Reich’s video is infected, from start to finish, with too many other errors to count.  I hope that other sensible people will take the time to expose them all.

The Big Picture: Fight for $15 with Robert Reich

A new documentary by Cato Senior Fellow Johan Norberg, shown recently on PBS stations nationwide, is a non-political look at the reality of the world’s energy problems. “Energy questions are complicated, and there are always trade-offs,” Norberg notes.    While bringing electricity to many remote villages in India and the Sahara causes an increase in carbon emissions, it also allows families to have refrigeration for their food, electricity to light their homes and the time to develop their lives beyond working just to sustain themselves every day.   “Don’t they deserve the same kinds of life changing benefits that power has brought the west?” Norberg asks.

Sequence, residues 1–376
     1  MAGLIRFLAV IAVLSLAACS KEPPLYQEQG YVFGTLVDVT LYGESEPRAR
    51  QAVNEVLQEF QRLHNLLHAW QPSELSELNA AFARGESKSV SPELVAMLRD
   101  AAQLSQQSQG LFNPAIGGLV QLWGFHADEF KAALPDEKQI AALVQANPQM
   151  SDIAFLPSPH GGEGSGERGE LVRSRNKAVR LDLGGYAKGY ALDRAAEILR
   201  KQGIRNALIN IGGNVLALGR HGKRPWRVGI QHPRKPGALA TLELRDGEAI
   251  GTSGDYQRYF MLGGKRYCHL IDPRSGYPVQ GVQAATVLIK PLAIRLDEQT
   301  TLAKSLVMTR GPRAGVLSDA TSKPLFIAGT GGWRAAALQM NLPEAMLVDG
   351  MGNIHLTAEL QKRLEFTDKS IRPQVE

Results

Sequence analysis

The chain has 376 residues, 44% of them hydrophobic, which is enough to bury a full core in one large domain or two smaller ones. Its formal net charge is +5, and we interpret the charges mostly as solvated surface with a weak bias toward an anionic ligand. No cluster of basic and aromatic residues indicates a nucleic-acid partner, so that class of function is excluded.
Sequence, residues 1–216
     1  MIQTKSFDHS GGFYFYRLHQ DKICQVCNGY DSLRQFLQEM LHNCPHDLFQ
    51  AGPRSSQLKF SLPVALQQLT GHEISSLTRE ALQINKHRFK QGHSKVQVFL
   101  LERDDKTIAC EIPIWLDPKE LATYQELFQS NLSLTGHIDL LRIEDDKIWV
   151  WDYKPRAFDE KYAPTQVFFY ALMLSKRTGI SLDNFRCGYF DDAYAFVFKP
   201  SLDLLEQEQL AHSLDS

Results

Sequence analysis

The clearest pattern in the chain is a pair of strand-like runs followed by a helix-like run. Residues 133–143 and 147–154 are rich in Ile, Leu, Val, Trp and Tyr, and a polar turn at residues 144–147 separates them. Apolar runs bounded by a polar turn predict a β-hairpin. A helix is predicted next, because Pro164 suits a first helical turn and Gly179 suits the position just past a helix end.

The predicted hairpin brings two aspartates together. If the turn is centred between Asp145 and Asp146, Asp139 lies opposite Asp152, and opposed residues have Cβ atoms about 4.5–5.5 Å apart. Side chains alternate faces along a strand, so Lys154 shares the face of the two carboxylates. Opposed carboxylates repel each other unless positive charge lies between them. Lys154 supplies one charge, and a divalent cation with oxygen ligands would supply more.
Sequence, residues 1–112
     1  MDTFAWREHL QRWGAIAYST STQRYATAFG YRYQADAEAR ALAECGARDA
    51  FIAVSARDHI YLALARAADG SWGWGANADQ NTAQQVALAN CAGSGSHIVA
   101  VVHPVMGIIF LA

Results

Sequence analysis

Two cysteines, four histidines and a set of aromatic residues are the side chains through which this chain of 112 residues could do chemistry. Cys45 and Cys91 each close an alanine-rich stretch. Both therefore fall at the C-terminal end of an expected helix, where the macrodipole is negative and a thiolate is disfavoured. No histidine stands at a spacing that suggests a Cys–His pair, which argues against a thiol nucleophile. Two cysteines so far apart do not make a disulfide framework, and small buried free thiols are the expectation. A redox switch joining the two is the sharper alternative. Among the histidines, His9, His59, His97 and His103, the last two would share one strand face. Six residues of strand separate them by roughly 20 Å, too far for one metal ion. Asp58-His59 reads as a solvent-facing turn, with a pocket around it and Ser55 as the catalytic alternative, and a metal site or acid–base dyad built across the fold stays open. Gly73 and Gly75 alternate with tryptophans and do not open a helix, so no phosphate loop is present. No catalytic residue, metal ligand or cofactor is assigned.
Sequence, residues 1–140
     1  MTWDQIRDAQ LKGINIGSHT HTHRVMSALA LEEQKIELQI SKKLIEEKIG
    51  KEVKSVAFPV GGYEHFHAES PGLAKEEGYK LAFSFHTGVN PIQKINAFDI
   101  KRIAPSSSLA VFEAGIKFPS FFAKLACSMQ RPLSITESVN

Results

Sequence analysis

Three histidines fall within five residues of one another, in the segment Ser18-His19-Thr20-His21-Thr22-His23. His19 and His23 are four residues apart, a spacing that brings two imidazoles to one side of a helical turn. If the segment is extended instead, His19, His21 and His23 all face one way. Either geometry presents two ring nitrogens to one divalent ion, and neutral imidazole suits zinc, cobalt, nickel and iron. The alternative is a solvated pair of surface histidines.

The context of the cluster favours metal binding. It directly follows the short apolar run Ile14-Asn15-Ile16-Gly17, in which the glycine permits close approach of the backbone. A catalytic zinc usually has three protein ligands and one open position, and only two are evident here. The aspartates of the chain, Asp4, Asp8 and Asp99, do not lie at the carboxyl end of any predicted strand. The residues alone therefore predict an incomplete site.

This program explains how ALL sources of energy have their attributes and drawbacks.   It will take large amounts of low-cost power to fuel economic development in the third world, while also keeping up with growth in the developed world.  There is no “perfect” source to meet these needs:  Coal and oil make up a third of the current world energy supply, so while the infrastructure is in place and works fairly inexpensively, these fossil fuels are consistently tagged as “dirty.”  Natural gas is abundant and clean, and cheap and easy to use, but the means of getting to it (fracking) is controversial.  Nuclear energy power is one of the only large-scale alternatives to fossil fuels, but nuclear accidents like Chernobyl and Three Mile Island have made the public wary.  Hydro power is clean and fairly cheap, but dams have been targeted by environmentalist for harming fish populations. And, Norberg notes, most good sources of hydropower are already being utilized to their full capacity, leaving little chance to expand this resource.  Solar power is clean and abundant, but it doesn’t work when the sun doesn’t shine, and the infrastructure to capture it is expensive.  Wind supplies only one percent of energy globally because while it’s clean, it’s intermittent and doesn’t always come at the right velocity.